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Re-Creating Psalm: A scene from José Limón's 'Psalm'

Grace Under Fire

The José Limón Dance Company brings two of the famed Mexican-American choreographer's most renowned works to San Jose

By Marianne Messina

MEXICAN-BORN José Limón was a 21-year-old art student in New York, out on the town, when he saw sensational Austrian dancer Harald Kreutzberg perform. Kreutzberg had a mercurial, Gothic, ambisexual intensity, radically outré in the 1929 dance world, where male dancers generally played gallant hoists to female leads. Limón dropped his painting career and became a dancer.

During his career, Limón choreographed male characters who were neither pristine nor gilded. "You think about José's characters," says Carl Maxwell, artistic director of the Limón Dance Company. "They all have worked with their hands. The warrior ... his sword is his right arm--there's nothing soft about him."

They are often men who live by the sweat of their brow, and the roles Limón created (male or female) bring up the sweat quite literally. His late work The Unsung (1970), performed without music, oozes exertion through the sounds of landing bodies and of dancers taking in air. "You'll feel it--the effort," Maxwell explains. "There are very strenuous solos." The Unsung will be performed as part of a Limón Dance Company show at the Mexican Heritage Plaza Theater on Jan. 23.

Limón's flirtation with the force of gravity resulted in a choreography full of impressive suspensions and dramatic falls and recoveries. But the spark of Limón's male characters goes beyond brute physicality. His pairings--Jesus/Judas Iscariot (Traitor. 1954), Othello/Iago (The Moor's Pavane, 1949)--undergo the complex emotional torsion of relationships crammed with power and frailty, warped passion and nobility.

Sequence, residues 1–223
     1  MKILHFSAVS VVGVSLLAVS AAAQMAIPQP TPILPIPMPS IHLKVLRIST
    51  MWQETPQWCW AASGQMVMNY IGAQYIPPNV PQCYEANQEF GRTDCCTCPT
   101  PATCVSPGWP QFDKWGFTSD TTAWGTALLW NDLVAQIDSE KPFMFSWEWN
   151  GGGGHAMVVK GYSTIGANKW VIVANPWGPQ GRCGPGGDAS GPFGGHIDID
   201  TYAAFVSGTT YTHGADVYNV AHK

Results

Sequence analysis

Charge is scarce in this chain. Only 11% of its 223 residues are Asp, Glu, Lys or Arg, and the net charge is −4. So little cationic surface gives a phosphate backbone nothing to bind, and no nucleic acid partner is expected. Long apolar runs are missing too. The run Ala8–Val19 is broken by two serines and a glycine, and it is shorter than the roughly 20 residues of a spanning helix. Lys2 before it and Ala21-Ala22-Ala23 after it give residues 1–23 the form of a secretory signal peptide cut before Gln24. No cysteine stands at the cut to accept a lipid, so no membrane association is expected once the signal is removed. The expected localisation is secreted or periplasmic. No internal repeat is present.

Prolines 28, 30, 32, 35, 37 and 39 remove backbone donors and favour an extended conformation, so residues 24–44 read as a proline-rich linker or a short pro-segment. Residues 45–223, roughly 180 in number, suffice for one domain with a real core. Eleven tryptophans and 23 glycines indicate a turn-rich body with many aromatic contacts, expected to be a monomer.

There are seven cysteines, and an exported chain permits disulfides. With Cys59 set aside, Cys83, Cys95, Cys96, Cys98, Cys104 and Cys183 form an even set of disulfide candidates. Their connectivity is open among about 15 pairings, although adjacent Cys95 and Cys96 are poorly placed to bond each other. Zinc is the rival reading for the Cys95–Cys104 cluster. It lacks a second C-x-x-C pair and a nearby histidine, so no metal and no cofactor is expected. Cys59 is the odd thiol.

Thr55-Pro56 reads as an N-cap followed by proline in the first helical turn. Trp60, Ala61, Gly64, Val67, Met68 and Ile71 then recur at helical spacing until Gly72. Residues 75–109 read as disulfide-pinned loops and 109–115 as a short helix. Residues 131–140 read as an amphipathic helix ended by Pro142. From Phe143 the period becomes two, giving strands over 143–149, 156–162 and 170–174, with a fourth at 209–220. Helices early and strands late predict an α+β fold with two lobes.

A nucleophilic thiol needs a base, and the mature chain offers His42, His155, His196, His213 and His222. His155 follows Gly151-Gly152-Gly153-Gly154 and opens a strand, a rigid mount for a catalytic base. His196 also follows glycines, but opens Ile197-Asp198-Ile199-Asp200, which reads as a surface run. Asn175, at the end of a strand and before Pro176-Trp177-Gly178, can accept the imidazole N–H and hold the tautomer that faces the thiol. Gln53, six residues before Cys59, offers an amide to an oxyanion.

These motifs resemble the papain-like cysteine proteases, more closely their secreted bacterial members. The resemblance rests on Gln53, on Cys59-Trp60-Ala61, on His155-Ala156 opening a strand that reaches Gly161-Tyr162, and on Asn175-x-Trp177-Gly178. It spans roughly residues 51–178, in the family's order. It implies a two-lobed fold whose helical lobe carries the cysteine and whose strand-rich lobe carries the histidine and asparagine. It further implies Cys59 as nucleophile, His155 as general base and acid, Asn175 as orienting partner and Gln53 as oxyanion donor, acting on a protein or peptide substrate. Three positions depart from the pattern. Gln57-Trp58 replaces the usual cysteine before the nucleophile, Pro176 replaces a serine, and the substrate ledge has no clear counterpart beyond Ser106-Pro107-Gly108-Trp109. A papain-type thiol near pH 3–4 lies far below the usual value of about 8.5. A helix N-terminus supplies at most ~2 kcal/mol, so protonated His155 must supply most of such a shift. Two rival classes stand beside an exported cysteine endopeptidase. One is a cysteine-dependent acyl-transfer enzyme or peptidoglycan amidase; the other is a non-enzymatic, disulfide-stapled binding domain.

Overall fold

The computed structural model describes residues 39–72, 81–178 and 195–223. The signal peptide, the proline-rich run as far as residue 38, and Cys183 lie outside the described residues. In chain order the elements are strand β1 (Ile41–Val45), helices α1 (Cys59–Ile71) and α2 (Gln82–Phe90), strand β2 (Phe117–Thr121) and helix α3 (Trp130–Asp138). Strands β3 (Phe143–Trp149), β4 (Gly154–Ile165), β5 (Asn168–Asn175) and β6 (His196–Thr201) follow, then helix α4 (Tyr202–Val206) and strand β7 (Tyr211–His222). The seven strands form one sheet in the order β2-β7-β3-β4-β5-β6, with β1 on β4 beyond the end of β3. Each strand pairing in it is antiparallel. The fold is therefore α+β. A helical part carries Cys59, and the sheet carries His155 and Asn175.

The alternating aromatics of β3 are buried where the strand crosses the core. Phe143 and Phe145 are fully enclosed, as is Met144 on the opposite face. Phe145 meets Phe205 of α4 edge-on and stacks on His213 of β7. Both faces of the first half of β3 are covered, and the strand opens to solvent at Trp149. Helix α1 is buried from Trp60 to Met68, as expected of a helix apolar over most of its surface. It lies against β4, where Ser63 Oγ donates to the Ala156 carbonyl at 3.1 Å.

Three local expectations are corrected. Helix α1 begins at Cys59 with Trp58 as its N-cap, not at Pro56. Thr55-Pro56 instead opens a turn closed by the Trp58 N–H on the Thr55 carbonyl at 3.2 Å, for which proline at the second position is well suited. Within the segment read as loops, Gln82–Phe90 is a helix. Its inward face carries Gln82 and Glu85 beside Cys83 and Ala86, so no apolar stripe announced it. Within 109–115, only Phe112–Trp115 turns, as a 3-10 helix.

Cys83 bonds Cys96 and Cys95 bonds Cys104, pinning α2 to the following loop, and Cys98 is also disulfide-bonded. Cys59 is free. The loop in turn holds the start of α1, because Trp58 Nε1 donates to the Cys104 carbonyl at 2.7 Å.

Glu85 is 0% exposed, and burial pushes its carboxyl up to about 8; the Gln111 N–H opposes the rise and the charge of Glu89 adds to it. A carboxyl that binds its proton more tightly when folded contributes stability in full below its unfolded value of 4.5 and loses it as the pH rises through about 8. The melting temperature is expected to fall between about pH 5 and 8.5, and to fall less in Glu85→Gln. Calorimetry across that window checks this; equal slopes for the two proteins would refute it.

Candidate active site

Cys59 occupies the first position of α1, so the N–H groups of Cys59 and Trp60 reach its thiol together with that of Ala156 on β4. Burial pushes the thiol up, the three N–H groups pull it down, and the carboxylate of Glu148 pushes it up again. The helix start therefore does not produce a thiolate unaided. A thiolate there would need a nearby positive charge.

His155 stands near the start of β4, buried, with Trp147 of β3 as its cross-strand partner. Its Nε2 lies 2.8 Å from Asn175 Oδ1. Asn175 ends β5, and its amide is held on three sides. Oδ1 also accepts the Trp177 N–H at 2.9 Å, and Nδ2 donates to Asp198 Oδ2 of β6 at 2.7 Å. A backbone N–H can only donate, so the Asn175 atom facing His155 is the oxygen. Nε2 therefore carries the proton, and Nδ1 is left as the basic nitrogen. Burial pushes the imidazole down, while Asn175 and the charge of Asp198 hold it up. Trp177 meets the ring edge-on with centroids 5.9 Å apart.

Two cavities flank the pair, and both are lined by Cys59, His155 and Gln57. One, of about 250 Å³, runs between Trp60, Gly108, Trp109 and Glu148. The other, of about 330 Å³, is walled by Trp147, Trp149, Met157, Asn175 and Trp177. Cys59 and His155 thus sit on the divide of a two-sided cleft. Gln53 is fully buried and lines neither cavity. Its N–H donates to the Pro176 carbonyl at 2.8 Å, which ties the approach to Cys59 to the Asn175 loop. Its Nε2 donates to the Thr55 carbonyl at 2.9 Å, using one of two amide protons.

Limón was drawn to epic themes and heroes, as well as to narrative. And in the 1960s, he started taking flak for not getting with the abstract program: movement for movement's sake. Even with its abstract elements, The Unsung re-creates an epic event, a convocation of great Native American chiefs--Sitting Bull, Tecumseh, Osceola. "[Limón] calls the opening section of that dance 'The Pantheon,' or the meeting of the gods," Maxwell explains. "You have the sense that these chiefs have come from everywhere ... and then each one is left to tell the story of what has happened in his place, what was lost. Or invoking those elements that you don't want to be lost."

Both The Unsung and Psalm (1967) grapple with a persistent theme of Limón's: the interplay between individual and community (when Maxwell reconstructed the works, she premiered them in San Jose). Psalm asks how the outcast or martyr evolves from those whose burden he carries. At Limón's death in 1972, Psalm still hadn't come together. "There was something," according to Maxwell, "that wasn't solved with it."

And she never felt quite prepared to reproduce the piece until she discovered composer Jon Magnussen. (Impressed with the results, Maxwell later hooked Magnussen up with Donald McKayle, whose Angelitos Negros is also part of the upcoming Limón Dance Company program.) "Jon really helped me solve the end of the dance to the proper resolution," Maxwell says. "We see [the soloist] intimately as a reflection of what's happening to the entire community. And at the end ... he's being put into the crucible. ... It's one of the most beautiful marriages of music and dance."

In spite of the martyr references and the fire images that Maxwell finds in Psalm, she doesn't see the final image as horrific. "To me that image of putting someone in a crucible is like when you fire a pot to make it immortal. It's also like the birth of a planet or a star."

The Limón Company's one-day performance will not leave out women, romance and song. In addition to the McKayle piece, Maxwell will complement all that masculine pith with Adam Hoagland's Phantasy Quintet. "Adam's piece is very romantic and beautiful," Maxwell says.


The Limón Dance Company performs Friday (Jan. 23) at 8pm at the Mexican Heritage Plaza Theater, 1700 Alum Rock Ave., San Jose. Tickets are $25. (800.642.8482)


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From the January 15-21, 2004 issue of Metro, Silicon Valley's Weekly Newspaper.

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